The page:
Kinesio tape has been touted as a way to relieve pain and improve athletic performance. Today we take a closer look at this product.
About Kinesio Tape
Over three decades ago, Japanese acupuncturist and chiropractor Dr. Kenzo Kase developed Kinesio Tex Tape, a comfortable, pliable, yet durable tape that resembles the adaptability and firmness of human skin. Applying Kinesio Tex Tape is alleged to improve athletic performance through muscle support/relaxation while assisting rehabilitation by relieving pain and decreasing swelling. At first worn by Sumo wrestlers, the tape became increasingly popular among Olympic athletes, most notably at the 2008 Olympics when many rolls were donated to 58 competing countries. Subsequently, online sales of the tape tripled and usage has progressively spread to the general public. Available in multiple colors, a role of kinesio tape can be purchased online or at a sporting goods store for ~$7-$15.
Yet not just anyone is approved to use kinesio tape professionally. Apparently, there is a certain way that the tape must be applied, and training classes are offered to become certified in specific taping procedures.
Scientific Studies on Kinesio Tape
Regardless of the popularity, there is insufficient scientific evidence that kinesio tape (KT) functions as advertised. According to WebMD, analysis of the data from ten scientific studies gleaned the following conclusions:
- There is no evidence that kinesio tape diminishes feelings of pain
- Evidence that kinesio tape increased range-of-motion was uncertain
- 7 of the 10 studies concluded that there may be strength benefits to kinesio taping
- Kinesio tape has a significant effect on muscle, yet it is unclear whether these effects are positive or negative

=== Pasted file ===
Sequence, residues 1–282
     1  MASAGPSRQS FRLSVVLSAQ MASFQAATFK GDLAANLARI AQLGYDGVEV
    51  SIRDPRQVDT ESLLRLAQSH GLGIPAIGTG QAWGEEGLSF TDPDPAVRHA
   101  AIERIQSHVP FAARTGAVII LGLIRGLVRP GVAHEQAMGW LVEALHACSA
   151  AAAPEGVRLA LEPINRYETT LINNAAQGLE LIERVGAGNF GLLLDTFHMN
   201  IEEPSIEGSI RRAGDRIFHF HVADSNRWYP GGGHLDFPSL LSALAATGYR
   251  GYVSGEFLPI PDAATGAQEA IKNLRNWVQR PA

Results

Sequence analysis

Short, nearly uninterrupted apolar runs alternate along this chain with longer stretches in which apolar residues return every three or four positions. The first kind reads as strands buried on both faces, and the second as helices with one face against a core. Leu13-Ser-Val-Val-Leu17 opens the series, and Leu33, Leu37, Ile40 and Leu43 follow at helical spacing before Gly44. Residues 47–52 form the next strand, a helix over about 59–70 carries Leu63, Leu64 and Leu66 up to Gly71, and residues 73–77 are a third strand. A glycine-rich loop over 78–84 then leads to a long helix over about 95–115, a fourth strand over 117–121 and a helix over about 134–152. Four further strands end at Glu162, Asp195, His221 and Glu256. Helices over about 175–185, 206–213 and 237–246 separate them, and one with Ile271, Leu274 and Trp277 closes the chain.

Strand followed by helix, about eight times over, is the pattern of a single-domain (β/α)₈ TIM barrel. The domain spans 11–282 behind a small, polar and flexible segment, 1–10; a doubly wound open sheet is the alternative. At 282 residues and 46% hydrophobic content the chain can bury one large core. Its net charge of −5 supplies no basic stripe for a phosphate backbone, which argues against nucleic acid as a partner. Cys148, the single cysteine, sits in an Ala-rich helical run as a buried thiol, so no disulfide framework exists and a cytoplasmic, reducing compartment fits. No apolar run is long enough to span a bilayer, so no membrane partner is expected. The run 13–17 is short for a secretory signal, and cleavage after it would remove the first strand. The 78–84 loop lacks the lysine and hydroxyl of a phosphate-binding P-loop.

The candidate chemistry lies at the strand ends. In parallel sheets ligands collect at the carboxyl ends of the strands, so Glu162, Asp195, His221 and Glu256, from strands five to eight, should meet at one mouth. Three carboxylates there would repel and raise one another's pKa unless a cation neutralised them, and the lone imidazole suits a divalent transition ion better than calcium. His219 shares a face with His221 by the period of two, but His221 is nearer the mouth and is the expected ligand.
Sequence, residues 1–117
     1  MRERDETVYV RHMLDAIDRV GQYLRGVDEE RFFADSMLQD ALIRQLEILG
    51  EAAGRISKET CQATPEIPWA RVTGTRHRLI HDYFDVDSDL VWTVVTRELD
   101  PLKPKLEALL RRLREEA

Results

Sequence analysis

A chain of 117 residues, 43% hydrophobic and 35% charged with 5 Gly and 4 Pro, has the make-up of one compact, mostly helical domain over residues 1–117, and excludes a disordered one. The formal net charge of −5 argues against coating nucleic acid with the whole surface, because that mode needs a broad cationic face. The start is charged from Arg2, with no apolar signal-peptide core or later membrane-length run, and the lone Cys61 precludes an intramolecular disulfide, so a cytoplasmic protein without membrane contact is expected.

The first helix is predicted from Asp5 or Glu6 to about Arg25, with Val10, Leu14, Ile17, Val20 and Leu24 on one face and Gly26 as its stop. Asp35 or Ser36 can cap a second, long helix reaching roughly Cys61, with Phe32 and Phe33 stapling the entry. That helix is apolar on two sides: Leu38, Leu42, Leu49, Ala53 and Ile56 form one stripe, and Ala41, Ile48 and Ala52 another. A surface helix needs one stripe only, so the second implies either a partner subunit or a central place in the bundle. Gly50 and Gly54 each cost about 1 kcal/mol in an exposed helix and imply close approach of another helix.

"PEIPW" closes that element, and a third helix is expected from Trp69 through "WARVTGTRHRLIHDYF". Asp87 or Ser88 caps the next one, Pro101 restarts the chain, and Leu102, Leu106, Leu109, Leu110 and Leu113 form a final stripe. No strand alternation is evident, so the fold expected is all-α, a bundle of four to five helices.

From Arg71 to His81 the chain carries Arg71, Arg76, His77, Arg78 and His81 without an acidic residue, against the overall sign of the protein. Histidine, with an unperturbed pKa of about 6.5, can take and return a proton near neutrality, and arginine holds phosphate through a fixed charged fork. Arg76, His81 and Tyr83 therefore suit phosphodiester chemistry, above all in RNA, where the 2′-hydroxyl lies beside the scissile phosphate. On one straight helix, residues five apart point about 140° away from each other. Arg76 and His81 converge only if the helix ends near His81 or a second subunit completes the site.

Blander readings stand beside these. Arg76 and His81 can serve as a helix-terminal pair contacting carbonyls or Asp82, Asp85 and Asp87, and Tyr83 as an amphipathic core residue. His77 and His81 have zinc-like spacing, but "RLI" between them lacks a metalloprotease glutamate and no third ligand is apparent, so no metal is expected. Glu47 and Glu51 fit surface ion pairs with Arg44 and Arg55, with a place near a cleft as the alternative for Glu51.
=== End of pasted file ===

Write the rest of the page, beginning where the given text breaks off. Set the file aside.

Head of sports and exercise science at the University of Bedfordshire, Dr. John Brewer made the following statement :
“We need to be very cautious about the extent of the claims… Some perhaps aren’t yet supported by science and I am struggling to see where the science is going to come from. Many of the muscles involved in exercise are deep muscles. Placing strips of tape on the skin is going to have little effect on supporting these muscles within the body. We need osteopaths and physios to do proper, peer-reviewed studies to show it really does work.”
Dr. Brewer also expressed concern that belief in kinesio tape may be harmful if it promotes continued competition or exercise in spite of injury.
A 2015 NY Times post referred to the perceived benefits of Kinesio tape as a “robust placebo effect,” citing a 2015 report in which some participants were told they had the tape on their legs, which in fact it was merely a sticky material. Thirty participants were divided into three groups: some with real Kinesio tape, some with fake Kinesio Tape, and some with no tape. The results reported with the fake Kinesio tape was similar to that as the real thing, with a conclusion that “These findings suggest that previously reported muscle facilitatory effects using KinTape may be attributed to placebo effects.”
Defenders of Kinesio Tape Respond